As the school year winds down and college application season draws near, so comes to mind one of life’s most central questions: Oh, crap, what do I do with my Facebook account?
Urban legend has long been that, as part of the application process, college admissions officers take a peek at prospective students’ social media profiles. You might have heard as much from your high school guidance counselors or even from current college students themselves, but before you go scurrying to delete that Facebook video of you and your friends having a 3AM dance-off at your sleepover last weekend, hear me out.
As a college applicant, I pulled out all the stops to hose down my social media presence. I deactivated my Facebook, deleted my Twitter account and (empty) YouTube channel, and combed my blog for expletives, painstakingly removing each one. I was convinced—or at least my over-supportive and over-anxious mother was convinced—that each instance of rebellious behavior would assure admissions officers of my poor moral character.
So, I wiped the slate clean. I would be the most un-Googleable high school senior ever to embark upon the college admissions journey.
But after the fact, what I found out was that it didn’t matter. Admissions officers are swamped enough as it is with the piles upon piles of applications they have to power through before admissions decisions are released. They have little to no interest in your (probably mundane) social life and are fairly unlikely to spend their time sifting through your endless Tumblr photos of your cat sleeping. Unless the kind of cooking you do in your mom’s kitchen is of the Breaking Bad variety, admissions officers won’t take a second look at what’s on your Facebook profile.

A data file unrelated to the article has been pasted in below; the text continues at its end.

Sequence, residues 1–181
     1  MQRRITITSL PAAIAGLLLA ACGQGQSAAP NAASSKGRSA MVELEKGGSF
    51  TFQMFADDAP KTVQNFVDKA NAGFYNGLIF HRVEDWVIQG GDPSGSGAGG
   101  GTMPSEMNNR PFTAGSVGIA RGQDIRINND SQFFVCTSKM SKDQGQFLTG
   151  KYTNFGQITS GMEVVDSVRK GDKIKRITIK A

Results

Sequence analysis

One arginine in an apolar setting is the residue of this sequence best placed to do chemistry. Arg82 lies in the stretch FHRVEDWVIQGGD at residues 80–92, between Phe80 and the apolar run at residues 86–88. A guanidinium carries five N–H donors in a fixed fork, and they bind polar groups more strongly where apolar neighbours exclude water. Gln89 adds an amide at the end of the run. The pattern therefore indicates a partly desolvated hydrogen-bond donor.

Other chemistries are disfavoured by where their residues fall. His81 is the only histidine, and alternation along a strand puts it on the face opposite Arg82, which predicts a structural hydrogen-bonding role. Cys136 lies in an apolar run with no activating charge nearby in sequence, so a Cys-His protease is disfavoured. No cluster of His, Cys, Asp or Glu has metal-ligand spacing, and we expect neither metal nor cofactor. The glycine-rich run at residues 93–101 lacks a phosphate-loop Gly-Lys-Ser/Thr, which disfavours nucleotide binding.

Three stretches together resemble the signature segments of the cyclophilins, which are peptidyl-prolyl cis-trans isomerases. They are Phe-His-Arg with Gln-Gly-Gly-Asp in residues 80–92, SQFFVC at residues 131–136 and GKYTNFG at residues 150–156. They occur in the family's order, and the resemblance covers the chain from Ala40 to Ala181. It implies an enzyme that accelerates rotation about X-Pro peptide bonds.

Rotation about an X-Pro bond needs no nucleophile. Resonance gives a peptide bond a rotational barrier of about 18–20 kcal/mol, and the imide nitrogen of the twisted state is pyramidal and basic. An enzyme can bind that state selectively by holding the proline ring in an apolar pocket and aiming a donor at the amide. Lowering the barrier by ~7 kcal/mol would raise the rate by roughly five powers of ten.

And you know what? It turns out that Harvard students, and occasionally professors, curse. It turns out that Harvard students party, and sometimes those parties involve the same defiances that your helicopter parents are telling you to delete photo evidence of on Facebook. And it turns out that everyone here has a bit of a rebellious streak—and to be honest, it might be part of what got them here.
Because leaving that profile, that blog, that channel, is a show not only of personality, but also of courage. Letting admissions officers see the series of #nofilter selfies you took during your misguided Instagram phase is, as odd as it seems, analogous to saying, This is who I am. This is who I am when I’m not putting my cleanly scrubbed best face forward. By going all out, guts out, you’re telling them, I want you to accept me. I want you to accept all of me.
I personally respect that. And I imagine the admissions officers do too.